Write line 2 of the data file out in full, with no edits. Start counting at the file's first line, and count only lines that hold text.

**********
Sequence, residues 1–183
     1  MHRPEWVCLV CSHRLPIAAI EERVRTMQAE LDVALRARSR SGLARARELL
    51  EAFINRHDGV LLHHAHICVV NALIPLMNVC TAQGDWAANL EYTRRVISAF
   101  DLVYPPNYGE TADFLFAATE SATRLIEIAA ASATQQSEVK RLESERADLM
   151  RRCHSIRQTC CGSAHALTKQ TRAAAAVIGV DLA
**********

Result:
     1  MHRPEWVCLV CSHRLPIAAI EERVRTMQAE LDVALRARSR SGLARARELL